Demonstrators protest 'Passion'
Jim Caviezel (center) and Mel Gibson (right) work on "The Passion."
CNN's Aaron Brown reports some Jewish and Roman Catholic groups are concerned Mel Gibson's new film 'The Passion' could fuel anti-Semitism (August 13)
NEW YORK (CNN) -- "The Passion," a movie about Jesus conceived and directed by Mel Gibson, could re-ignite violence against Jews, protesters warned Thursday in a rally outside the midtown Manhattan headquarters of News Corporation, owner of film studio 20th Century Fox.
Described as a vivid depiction of the last 12 hours of Jesus' life, the film is raising concerns among Jewish and Roman Catholic groups.
"This film is dangerous for Jews all over the world. This film can potentially lead to violence directed against the Jewish community. This film will result in anti-Semitism, bigotry. It really takes us back to the Dark Ages, plain and simple," said Assemblyman Dov Hikins, D-New York.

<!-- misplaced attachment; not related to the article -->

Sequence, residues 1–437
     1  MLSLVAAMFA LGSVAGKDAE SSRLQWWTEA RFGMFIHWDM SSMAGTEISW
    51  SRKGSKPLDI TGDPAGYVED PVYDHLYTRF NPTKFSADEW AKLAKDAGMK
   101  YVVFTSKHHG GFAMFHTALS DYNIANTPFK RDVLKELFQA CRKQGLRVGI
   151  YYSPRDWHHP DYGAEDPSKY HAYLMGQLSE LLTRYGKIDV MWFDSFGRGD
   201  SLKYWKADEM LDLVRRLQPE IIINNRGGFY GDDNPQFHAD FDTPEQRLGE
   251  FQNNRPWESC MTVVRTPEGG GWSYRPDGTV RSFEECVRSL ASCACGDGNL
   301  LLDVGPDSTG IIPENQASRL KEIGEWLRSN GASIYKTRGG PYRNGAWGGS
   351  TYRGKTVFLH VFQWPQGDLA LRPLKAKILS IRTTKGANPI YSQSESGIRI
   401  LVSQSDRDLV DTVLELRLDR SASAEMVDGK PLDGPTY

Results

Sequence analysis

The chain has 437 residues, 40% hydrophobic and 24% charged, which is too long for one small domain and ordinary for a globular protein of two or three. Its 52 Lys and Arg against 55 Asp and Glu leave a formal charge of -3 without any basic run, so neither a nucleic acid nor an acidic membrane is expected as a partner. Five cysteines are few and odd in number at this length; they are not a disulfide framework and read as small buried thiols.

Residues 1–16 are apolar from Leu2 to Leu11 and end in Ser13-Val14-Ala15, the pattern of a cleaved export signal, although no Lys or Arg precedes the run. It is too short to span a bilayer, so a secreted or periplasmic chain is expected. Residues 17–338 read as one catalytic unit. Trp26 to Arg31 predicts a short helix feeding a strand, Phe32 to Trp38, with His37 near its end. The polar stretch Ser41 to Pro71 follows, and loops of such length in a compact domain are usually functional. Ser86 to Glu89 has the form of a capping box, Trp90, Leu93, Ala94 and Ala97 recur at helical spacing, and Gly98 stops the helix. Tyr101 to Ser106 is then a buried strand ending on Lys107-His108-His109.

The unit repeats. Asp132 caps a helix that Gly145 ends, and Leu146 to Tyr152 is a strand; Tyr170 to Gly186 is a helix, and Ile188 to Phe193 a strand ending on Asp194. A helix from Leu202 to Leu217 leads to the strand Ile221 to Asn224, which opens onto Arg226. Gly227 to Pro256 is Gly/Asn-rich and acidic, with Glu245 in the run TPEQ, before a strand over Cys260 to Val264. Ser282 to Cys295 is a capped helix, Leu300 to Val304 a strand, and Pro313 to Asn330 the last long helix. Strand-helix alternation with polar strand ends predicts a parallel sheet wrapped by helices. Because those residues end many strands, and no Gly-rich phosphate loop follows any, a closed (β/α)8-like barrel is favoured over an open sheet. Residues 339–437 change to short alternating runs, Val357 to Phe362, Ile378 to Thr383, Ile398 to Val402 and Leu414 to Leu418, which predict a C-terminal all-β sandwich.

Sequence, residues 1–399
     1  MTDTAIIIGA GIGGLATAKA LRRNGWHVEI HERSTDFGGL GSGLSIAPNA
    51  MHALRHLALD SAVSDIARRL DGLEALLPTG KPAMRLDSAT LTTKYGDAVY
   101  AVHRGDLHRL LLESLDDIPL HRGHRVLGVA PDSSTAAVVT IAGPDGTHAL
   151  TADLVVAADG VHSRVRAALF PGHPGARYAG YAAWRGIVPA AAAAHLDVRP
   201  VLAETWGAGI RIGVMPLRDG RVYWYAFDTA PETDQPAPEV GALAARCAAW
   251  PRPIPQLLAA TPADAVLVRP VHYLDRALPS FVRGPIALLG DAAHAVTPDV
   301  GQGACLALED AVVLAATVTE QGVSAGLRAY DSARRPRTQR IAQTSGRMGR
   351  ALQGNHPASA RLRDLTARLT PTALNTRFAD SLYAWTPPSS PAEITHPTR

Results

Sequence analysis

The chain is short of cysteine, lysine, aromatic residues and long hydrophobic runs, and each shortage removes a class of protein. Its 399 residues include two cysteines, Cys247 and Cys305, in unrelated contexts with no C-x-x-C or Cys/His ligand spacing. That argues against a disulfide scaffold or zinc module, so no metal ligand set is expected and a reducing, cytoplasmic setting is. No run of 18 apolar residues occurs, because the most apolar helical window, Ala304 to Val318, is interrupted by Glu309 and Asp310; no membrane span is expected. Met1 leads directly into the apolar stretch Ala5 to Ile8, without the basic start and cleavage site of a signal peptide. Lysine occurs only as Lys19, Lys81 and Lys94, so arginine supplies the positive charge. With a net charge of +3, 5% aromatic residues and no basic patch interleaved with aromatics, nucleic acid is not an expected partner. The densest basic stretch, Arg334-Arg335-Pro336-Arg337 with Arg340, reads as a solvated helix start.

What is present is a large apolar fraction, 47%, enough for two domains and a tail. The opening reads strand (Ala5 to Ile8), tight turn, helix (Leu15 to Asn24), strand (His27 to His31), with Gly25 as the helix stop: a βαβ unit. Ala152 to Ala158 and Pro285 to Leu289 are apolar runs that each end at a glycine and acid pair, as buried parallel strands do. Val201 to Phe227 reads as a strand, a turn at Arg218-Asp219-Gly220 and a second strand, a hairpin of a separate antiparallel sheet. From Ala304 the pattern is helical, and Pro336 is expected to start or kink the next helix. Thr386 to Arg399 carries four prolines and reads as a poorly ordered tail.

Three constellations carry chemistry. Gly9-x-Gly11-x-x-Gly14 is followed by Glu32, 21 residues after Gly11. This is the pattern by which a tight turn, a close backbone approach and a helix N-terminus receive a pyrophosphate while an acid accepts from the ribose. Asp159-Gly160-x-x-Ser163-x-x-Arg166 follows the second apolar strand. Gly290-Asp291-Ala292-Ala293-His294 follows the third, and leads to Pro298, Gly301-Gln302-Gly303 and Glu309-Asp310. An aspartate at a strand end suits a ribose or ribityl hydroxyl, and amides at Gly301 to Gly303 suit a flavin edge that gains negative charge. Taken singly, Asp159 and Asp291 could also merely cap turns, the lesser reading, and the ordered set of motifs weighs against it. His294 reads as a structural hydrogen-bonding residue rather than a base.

"Two thousand years of Jews, millions of Jews, being slaughtered through the ages, the Inquisition, the Crusades, and so on and so forth, all for the so-called sin of the crucifixion of Jesus, and all the work that has been done by the Catholic Church in Rome to move away from that, Mel Gibson is turning the clock back to the Dark Ages," he added.
Hikins was joined by Councilman Simcha Felder, D-Brooklyn, and councilman David Weprin, D-Queens, among other community representatives.
Asked if he had seen the movie, Hikins said he saw a brief clip of it "and the brief clip that I saw of the film, of a mob of Jews yelling for the crucifixion of Jesus, was enough to scare the daylights out of me."